A Biofriendly Way to Tap Into Renewable Energy? Use Existing Properties.

As our society begins to intensify its efforts to move away from fossil fuels and invest in more renewable energy sources, the signs of this expansion can be seen all over the world. We can see wind turbines going up off the coast of major countries, solar farms being spread across open deserts, and farmers switching from food-based crops to fuel-based crops, just to name a few. These efforts, no matter how beneficial they may seem, are not always applauded by the general public.

I mean, think about it…why does a wind farm need to be placed right off the coastline when there are skyscrapers all across the country, and around the world, that have open, relatively empty space on their roofs? Same goes for solar. Wouldn’t it make more sense to add solar panels to the roofs of homes, offices and other buildings rather than plop them down in the middle of a wide open desert space? I mean, take a look at this map which shows New York City’s rooftop potential for solar power. Personally, I think it makes a lot more sense to use the properties we have, and to figure out a way to make them more biofriendly, than to further tap into the limited resources on this planet. For example, take a look this low-maintenance, bladeless wind turbine that can be mounted on the side of a building or on a rooftop. Here is a solar rooftop project looking for online investors to help add solar panels to the roof of a New Jersey convention center. As far as the future goes, I cannot wait until we are able to see something like these technologically-advanced, solar roads.

In reality, the biofriendly ways to tap into renewable energy are limitless. What are some of the best ways you’ve seen for our society to tap into renewable energy using existing properties?

Image by Constellation Energy via Flickr Creative Commons


  • david

    It’s good to see innovation in wind turbine technology but I think there are a lot of good points about off shore wind farms that can’t be replicated in the city. Structural issues for a start, you’re never going to get a decent size turbine on top of an existing building. Off shore farms get cleaner airflow and also provide artificial reefs for habitat. One of the major factors that has stopped hill-top wind farms in my area is safety, you’ll have a hard time convincing people that a turbine on top of a skyscraper has zero chance of coming apart from my experience.

    Solar seems logical on buildings in cities as long as the roof is flat or south facing but again a desert location is clearly chosen as it’s ideal for the proportion of sunny days they get and ground mounted panels are easier, cheaper and safer to install and maintain at perfect orientation and angle.

    I’d like to see more efforts from solar and wind farms to increase habitats and biodiversity on their sites so that an installed and working farm has a benefit to local flora and fauna as well as generating ‘green’ energy.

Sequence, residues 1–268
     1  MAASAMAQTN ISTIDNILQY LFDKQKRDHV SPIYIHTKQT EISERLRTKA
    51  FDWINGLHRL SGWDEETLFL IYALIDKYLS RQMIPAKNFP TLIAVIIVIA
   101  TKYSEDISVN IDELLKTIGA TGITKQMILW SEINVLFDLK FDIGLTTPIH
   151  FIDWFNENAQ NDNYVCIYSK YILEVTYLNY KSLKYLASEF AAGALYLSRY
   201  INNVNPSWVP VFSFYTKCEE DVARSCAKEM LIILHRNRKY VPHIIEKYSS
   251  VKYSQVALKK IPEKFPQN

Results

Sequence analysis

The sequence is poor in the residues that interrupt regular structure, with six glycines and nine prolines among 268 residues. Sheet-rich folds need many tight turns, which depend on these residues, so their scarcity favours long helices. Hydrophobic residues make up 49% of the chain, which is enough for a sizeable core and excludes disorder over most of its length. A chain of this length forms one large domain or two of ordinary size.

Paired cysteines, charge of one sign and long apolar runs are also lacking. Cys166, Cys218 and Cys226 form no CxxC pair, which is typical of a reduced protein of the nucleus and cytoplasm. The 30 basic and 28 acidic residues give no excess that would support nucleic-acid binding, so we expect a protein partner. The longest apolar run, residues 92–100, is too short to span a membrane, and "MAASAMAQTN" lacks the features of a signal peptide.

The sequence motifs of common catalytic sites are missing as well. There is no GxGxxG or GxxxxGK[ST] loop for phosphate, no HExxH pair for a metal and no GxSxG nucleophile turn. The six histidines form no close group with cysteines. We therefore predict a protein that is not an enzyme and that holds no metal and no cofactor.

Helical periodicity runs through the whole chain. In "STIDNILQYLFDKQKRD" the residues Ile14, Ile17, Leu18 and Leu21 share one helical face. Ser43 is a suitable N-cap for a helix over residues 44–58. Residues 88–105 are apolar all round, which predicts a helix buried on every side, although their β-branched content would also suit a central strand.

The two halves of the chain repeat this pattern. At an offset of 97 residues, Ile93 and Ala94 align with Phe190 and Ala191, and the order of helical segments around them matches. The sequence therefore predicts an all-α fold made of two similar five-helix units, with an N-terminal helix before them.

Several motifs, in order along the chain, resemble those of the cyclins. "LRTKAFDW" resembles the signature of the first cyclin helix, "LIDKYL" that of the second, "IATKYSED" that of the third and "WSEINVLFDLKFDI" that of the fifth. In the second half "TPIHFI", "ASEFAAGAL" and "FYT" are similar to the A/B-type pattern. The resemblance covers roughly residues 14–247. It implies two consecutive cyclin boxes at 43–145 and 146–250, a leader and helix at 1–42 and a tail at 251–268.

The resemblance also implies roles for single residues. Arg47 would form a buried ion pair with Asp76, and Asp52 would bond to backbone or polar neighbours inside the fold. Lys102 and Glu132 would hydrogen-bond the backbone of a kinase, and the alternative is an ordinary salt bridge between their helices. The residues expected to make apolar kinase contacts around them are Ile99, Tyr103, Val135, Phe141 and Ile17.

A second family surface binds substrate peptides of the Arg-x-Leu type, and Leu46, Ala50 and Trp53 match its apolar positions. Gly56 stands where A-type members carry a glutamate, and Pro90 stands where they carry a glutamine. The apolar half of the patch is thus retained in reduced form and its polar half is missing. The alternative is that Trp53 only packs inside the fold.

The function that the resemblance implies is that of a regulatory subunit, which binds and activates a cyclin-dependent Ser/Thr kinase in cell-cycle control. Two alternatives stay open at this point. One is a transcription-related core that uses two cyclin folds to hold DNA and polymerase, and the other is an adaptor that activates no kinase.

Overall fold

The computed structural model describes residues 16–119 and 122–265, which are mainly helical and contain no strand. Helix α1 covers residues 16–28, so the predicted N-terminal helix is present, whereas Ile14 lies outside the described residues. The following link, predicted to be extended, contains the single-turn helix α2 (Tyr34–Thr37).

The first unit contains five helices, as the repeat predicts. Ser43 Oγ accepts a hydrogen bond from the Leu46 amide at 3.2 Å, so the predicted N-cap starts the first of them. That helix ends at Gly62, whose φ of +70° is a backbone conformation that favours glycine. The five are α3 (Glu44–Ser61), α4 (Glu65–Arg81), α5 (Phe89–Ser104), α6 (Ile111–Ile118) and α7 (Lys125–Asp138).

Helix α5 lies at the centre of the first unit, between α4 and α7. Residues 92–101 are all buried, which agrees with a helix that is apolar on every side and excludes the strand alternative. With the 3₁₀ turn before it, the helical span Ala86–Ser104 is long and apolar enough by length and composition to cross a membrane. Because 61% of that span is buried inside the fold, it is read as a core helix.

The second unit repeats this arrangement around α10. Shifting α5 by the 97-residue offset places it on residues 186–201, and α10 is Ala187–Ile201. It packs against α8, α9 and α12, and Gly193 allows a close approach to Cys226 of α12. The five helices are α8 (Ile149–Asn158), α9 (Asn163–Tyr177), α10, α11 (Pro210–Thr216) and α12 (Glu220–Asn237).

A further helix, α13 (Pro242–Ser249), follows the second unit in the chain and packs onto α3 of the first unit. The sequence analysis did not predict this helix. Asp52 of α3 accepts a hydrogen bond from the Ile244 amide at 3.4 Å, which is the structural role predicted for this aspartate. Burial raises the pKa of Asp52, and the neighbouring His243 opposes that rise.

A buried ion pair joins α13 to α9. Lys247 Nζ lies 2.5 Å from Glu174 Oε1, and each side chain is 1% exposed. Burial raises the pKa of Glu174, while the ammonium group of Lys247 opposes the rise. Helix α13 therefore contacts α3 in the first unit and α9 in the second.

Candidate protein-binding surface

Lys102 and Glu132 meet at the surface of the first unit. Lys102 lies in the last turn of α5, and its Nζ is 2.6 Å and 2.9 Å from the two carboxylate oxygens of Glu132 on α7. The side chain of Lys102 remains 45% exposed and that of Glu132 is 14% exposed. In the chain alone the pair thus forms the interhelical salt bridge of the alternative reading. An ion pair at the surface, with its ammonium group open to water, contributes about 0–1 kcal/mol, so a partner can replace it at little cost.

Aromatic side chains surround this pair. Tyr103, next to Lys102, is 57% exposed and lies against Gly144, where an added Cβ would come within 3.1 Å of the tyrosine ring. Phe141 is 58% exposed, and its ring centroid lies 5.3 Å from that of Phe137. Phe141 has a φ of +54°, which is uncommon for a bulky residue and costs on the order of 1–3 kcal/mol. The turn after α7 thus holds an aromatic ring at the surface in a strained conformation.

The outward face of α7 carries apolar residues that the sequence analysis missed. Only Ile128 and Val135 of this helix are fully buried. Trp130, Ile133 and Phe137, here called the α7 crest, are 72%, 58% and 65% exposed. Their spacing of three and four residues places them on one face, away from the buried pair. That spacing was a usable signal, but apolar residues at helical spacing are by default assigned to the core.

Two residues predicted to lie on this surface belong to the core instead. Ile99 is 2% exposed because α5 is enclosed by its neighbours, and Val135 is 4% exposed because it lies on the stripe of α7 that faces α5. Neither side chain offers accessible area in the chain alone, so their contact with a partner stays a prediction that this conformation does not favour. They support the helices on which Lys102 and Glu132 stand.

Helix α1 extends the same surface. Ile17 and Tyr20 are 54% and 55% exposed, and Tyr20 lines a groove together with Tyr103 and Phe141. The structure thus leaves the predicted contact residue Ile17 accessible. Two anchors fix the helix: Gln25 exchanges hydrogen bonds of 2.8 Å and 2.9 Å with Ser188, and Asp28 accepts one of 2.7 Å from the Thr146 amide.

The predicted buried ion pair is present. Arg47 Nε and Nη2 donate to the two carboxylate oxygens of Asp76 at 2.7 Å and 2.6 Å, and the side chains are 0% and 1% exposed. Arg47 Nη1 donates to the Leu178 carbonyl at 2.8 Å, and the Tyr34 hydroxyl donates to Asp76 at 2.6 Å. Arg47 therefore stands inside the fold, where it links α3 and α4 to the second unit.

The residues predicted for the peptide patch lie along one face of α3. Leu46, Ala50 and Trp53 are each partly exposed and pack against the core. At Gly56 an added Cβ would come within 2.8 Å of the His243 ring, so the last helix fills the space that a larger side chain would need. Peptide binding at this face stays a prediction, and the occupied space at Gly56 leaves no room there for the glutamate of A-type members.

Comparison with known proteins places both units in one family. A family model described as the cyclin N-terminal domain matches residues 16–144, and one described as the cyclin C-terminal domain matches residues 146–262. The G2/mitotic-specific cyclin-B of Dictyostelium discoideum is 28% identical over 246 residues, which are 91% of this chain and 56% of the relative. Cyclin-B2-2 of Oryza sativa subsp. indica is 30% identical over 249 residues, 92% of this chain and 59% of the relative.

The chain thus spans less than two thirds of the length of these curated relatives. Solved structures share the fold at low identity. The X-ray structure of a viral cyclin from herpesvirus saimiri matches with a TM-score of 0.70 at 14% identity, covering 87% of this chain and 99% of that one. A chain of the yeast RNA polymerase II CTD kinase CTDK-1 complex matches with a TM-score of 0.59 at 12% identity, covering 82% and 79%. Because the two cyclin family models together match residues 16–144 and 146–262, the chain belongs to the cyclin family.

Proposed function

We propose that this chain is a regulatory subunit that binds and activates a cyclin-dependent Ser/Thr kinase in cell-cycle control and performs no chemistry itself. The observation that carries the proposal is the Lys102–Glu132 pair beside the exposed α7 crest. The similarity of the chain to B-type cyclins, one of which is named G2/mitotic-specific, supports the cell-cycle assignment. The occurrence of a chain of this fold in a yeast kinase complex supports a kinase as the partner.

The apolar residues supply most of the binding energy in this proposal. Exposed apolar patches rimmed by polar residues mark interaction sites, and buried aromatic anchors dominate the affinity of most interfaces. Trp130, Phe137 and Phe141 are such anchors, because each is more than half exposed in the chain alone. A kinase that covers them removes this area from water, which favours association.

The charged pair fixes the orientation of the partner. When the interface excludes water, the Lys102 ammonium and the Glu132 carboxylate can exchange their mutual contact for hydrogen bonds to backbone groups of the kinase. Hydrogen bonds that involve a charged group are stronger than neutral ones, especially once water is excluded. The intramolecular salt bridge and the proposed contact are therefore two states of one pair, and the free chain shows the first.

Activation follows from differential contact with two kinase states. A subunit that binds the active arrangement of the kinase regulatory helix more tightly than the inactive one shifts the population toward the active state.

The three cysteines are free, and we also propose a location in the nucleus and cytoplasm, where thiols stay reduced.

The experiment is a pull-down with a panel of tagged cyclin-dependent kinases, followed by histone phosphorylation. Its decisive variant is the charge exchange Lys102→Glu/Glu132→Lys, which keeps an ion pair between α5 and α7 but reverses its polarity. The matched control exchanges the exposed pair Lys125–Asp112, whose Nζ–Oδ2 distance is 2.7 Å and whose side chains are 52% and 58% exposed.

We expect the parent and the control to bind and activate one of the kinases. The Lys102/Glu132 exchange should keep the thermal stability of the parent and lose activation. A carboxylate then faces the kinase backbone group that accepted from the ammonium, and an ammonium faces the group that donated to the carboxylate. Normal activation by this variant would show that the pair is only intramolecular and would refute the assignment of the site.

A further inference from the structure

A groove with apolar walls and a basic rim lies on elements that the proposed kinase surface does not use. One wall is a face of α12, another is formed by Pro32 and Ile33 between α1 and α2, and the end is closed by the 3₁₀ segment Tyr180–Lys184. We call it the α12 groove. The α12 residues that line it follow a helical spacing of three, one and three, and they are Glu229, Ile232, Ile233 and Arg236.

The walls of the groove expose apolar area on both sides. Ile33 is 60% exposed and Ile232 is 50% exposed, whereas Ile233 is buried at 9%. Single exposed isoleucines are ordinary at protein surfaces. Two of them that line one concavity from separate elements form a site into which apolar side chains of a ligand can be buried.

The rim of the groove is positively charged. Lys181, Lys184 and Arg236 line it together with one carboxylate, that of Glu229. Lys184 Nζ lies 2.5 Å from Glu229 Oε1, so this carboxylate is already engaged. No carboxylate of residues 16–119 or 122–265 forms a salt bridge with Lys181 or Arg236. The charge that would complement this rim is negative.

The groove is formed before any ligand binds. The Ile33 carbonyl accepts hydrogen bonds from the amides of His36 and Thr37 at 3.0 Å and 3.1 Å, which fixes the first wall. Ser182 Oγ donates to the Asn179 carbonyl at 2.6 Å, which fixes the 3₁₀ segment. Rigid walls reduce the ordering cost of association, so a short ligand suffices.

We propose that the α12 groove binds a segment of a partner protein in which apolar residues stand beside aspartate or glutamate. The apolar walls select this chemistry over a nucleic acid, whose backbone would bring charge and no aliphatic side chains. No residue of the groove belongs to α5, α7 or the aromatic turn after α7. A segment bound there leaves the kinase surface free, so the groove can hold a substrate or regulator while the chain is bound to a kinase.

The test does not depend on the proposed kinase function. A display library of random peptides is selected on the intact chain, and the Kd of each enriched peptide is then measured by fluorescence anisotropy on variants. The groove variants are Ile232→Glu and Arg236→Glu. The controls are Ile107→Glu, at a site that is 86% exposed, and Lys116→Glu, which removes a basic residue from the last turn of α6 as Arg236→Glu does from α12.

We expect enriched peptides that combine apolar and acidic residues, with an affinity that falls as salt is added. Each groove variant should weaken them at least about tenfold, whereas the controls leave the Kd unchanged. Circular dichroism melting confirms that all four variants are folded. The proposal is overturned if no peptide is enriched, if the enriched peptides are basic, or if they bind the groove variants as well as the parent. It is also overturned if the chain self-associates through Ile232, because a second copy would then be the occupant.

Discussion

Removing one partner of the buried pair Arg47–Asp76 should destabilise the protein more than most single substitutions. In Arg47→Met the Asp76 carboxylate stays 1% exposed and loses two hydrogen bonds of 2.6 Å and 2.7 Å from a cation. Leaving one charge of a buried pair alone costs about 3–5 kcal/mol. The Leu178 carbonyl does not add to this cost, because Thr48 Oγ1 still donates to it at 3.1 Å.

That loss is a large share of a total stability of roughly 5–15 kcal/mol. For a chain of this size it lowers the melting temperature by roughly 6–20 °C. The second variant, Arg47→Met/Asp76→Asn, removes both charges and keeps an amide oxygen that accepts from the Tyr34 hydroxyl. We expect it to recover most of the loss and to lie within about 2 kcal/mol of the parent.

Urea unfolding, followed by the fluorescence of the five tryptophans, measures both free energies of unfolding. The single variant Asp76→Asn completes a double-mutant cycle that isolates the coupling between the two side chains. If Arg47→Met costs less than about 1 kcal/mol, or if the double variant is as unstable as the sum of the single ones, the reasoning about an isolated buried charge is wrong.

• Tara

      Hi David,

      Thanks very much for your comment, I appreciate your insight. You bring up some good points.

      I fully agree that it would be great to see more efforts being made from solar/wind farms to contribute to the environment, while they generate renewable energy at the same time.

      Now I know we won’t see any major changes in the immediate future, since wind/solar farms do generate a large volume of energy, but I think if we take more advantage of existing properties then we would have less need for so many big “farms”. I mean, even if we can’t have solar panels on all buildings, we can at least invest in technology like these spray-on solar windows. Can you imagine the majority of buildings in such cities as New York, Los Angeles, Chicago, etc. having either solar panels or solar windows?

      Now I fully agree that we shouldn’t have big turbines on top of buildings. That’s just not safe, but even seeing wind turbines, like the one in I featured, would be a big improvement and will only aid to the production of renewable energy.

      Thanks again for your input and for bringing up some key points.


      • david

        Thanks for the link, those windows look like they have real potential. Innovation will be crucial in retro fitting energy generating technologies I would imagine.

        Here’s a link to an article reviewing a building mounted turbine in London http://www.architectsjournal.co.uk/arup-claims-bskyb-turbine-is-not-token/8647125.article

        The general view is that the reduced air flow in the cities make this a poor location for the turbine however people seem to overlook your arguements that the location is more appropriate due to protection of open areas, direct feed of electricity to buildings rather than miles of cabling etc. We’ve got a lot less space here in the UK than elsewhere so using existing structures in this way does make sense. Once newer designs like the one you posted start to become main stream I think people may start to change their minds though.

  • Enviko

    Spray-on solar windows is an amazing idea. I agree in thinking that these could be really beneficial; especially as so many modern buildings are abundant in windows and glass.

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